This image is one of my favorites to interpret because this version of Snow White is my personal favorite. As you can tell Snow White is just like any other interpretation, skin as white as snow, hair as black as ebony, and lips as red as blood. They also have her in a setting that she familiarizes with, nature. She has animals around her as well as the beauty of nature to accentuate her own beauty. But my favorite part is the little detail that can be easily overlooked, the dagger in her hand. To me this dagger is a symbol of bravery, and leadership. This also helps me to see that even though she is a princess she is still able to fight for herself. To me this is a version of Snow White that the feminist community will approve of.


By: Shelbie Cornelius

To me this image speaks volumes. It just shows that at a very young age girls are introduced to princesses and in turn they receive the mindset that they themselves are princesses, therefore they must act like one. So from this predisposition young girls are now infatuated with being a princess, more specifically a Disney Princess. And for those who want to be Snow White, they will most likely end up becoming passive, and succumbing to the patriarchal society that many feminists are trying to get rid of. Ultimately, it is not a bad thing to dream of being a princess, but my advice is that if you ever have a child who wants to be a princess, teach them to be one that is courageous and stands up for herself and her beliefs, and doesn’t allow anyone to walk all over them.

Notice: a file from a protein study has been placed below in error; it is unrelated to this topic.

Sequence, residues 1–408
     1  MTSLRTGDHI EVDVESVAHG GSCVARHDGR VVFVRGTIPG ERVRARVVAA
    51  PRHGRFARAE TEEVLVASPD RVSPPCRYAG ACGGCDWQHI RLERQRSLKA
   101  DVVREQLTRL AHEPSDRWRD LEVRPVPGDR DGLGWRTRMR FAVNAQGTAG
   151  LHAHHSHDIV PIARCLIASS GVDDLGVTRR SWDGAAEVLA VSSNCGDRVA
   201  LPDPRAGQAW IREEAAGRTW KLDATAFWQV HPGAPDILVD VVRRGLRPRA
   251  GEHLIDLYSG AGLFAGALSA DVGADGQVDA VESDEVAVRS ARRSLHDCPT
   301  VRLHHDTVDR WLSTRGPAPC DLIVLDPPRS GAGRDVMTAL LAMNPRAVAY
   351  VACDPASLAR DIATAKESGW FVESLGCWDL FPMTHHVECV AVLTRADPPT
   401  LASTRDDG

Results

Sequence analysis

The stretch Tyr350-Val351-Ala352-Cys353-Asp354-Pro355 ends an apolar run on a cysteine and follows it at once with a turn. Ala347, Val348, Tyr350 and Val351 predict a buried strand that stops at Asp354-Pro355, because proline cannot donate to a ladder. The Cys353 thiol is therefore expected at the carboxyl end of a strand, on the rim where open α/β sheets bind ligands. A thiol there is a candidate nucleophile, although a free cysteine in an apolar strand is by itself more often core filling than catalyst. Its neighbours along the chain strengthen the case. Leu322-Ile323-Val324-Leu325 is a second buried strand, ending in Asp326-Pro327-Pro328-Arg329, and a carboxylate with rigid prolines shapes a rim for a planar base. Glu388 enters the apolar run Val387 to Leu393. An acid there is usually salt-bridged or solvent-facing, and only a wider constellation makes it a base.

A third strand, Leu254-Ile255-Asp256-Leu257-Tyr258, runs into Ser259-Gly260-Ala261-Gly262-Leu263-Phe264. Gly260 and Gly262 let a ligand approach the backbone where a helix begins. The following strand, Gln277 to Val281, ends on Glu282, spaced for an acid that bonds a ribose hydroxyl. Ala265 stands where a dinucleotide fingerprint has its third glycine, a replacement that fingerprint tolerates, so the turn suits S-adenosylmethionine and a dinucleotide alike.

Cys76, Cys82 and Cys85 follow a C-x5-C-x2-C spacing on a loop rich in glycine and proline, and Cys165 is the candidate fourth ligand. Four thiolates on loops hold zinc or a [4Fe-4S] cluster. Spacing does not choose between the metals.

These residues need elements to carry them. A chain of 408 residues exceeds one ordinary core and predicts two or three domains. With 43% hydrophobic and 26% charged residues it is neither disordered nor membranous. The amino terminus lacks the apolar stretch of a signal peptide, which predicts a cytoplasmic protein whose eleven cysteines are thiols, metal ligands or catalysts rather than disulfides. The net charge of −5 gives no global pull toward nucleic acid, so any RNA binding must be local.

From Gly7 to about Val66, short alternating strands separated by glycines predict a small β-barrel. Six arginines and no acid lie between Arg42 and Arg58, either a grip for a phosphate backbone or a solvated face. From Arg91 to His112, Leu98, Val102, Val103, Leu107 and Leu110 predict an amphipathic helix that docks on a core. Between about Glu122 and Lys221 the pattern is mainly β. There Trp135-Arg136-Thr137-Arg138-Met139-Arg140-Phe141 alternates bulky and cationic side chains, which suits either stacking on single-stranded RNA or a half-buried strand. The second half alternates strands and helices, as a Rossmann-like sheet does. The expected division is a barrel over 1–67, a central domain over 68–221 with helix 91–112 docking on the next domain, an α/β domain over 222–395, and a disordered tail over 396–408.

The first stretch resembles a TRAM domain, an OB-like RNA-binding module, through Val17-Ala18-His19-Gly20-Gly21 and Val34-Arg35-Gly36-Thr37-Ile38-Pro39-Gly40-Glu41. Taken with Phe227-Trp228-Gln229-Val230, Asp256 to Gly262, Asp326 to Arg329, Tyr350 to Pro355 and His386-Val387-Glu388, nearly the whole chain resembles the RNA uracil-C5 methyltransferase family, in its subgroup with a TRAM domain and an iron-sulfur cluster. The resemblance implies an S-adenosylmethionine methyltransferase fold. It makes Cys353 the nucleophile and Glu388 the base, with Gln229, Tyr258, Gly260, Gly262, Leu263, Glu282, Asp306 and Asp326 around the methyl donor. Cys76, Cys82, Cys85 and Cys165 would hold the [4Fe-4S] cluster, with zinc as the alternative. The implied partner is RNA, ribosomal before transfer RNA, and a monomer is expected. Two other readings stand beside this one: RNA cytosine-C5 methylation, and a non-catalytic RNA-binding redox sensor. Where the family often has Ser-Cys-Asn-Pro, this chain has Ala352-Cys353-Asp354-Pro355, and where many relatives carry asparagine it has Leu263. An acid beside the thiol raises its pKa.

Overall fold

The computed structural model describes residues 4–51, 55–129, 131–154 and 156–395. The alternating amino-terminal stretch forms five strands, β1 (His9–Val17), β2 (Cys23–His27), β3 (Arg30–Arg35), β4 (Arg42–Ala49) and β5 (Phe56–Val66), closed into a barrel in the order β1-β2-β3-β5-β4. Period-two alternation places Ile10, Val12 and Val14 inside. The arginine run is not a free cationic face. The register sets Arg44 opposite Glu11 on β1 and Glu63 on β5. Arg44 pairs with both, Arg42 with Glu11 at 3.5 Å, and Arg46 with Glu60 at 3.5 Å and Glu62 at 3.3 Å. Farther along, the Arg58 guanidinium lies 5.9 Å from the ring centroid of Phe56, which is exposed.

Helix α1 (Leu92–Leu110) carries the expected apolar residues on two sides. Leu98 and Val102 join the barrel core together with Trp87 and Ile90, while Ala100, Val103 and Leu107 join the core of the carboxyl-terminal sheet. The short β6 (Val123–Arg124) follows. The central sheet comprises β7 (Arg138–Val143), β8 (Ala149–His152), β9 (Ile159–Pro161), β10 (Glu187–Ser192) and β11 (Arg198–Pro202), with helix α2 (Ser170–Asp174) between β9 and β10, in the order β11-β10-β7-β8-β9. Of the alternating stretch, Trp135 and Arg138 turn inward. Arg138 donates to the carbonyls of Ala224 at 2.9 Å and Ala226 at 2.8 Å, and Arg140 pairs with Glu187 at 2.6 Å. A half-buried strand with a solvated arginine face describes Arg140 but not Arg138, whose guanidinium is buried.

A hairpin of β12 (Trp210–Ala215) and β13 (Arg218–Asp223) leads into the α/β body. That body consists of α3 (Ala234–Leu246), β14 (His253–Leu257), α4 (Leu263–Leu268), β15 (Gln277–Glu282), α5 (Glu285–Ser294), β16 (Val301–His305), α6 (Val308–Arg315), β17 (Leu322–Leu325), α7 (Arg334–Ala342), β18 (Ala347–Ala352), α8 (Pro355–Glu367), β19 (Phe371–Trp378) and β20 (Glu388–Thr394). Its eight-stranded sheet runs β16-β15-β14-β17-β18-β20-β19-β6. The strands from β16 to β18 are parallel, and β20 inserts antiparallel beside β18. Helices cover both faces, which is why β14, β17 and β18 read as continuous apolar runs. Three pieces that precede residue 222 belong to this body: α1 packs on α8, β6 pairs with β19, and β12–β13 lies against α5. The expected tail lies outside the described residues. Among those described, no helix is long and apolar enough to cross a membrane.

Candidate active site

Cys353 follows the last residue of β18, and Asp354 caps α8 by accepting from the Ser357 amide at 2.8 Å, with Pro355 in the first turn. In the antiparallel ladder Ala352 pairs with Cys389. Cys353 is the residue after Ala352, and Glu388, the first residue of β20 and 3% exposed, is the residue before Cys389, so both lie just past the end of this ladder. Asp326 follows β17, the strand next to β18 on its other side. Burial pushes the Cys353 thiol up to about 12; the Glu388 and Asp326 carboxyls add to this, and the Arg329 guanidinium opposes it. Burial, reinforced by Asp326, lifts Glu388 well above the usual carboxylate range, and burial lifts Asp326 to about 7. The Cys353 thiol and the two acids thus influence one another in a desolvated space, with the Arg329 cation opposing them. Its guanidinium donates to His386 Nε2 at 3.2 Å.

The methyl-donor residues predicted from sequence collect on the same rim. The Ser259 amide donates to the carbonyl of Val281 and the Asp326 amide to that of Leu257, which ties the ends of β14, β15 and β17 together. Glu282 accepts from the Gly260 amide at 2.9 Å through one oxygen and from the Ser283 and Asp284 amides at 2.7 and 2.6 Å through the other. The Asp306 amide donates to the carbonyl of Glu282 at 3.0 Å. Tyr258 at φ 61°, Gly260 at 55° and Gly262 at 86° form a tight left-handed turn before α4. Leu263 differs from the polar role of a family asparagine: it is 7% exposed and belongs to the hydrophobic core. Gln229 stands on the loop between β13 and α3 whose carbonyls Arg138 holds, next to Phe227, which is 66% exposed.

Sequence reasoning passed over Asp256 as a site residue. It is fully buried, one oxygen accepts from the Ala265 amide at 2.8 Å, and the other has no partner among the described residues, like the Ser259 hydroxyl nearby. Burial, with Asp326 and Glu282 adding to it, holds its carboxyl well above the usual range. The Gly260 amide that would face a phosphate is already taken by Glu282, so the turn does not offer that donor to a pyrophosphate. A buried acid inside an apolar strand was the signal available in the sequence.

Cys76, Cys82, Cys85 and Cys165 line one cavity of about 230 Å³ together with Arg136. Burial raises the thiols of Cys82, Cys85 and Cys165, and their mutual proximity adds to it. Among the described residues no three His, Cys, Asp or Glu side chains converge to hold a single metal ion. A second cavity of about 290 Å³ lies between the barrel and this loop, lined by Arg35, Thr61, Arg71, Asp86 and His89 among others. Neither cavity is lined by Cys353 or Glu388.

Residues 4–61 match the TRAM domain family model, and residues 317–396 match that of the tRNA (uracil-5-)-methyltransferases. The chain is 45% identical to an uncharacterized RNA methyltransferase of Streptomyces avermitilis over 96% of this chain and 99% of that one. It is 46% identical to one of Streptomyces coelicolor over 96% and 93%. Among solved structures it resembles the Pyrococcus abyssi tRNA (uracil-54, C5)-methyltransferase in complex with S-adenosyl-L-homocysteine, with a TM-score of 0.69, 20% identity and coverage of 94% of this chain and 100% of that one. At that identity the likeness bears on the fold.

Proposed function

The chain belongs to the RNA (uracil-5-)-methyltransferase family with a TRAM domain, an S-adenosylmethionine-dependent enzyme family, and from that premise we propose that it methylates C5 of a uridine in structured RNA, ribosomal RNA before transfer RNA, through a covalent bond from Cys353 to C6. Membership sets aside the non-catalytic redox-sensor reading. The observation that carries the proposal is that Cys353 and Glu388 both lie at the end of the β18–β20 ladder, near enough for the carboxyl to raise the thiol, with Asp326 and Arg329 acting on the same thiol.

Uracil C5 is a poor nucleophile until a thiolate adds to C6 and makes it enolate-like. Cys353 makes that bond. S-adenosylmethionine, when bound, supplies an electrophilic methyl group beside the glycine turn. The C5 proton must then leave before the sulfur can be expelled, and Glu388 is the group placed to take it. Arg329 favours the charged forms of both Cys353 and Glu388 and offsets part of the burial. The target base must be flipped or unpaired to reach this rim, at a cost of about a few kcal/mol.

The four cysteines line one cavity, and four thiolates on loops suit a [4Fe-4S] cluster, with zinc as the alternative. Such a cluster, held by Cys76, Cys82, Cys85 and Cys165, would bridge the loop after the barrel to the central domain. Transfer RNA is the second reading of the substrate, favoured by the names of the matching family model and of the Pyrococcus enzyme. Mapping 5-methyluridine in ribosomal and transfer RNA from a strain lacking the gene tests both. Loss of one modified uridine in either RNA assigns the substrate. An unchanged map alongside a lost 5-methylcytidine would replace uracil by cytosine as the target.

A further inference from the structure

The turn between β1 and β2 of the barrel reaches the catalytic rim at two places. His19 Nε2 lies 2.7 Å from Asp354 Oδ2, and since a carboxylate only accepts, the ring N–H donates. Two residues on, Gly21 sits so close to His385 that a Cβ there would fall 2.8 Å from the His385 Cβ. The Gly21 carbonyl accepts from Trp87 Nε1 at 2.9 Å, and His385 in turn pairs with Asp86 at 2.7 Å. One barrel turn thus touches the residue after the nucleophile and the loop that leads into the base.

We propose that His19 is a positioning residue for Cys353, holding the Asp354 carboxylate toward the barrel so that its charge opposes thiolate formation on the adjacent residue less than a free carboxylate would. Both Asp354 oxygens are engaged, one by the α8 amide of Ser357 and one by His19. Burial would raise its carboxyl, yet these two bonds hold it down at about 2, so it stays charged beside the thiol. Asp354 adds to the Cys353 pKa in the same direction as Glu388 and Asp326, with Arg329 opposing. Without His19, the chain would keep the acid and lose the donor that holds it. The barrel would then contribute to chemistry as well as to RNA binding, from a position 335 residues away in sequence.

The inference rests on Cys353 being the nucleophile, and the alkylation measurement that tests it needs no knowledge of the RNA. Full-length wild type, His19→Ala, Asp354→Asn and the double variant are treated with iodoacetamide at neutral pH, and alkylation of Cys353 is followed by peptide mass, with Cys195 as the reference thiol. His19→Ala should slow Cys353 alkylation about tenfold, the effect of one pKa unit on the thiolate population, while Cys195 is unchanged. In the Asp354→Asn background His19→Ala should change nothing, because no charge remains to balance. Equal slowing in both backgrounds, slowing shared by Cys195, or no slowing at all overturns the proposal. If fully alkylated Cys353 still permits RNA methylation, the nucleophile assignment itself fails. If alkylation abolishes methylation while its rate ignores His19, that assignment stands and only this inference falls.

By: Shelbie Cornelius

When Snow White’s Skin Isn’t As White As Snow

Marissa Meyer’s has written four books in her Lunar chronicle series. All four of these books are connected, but also re-tellings of classic fairy tales. Her fourth book titled Winter, encapsulates the re-telling of Snow White. Meyer’s, as she does with all of her female heroines, makes this princess so much stronger and independent than the original tales portray. The biggest attribute she gives to this Snow White though is that she makes her an African American character, something we have never seen Snow White depicted as.

Meyer’s in an interview states, “After all, why shouldn’t Snow White be a woman of color? Or any other princess, for that matter? There’s absolutely no reason, and I think it’s good to challenge people’s preconceptions sometimes, and be challenged myself” (Meyers, 2015). Meyers has encapsulated what it means to test the status quo, she has made great strides in creating feminist females, along with creating a racially diverse character whose main characteristic has always been her snow white skin.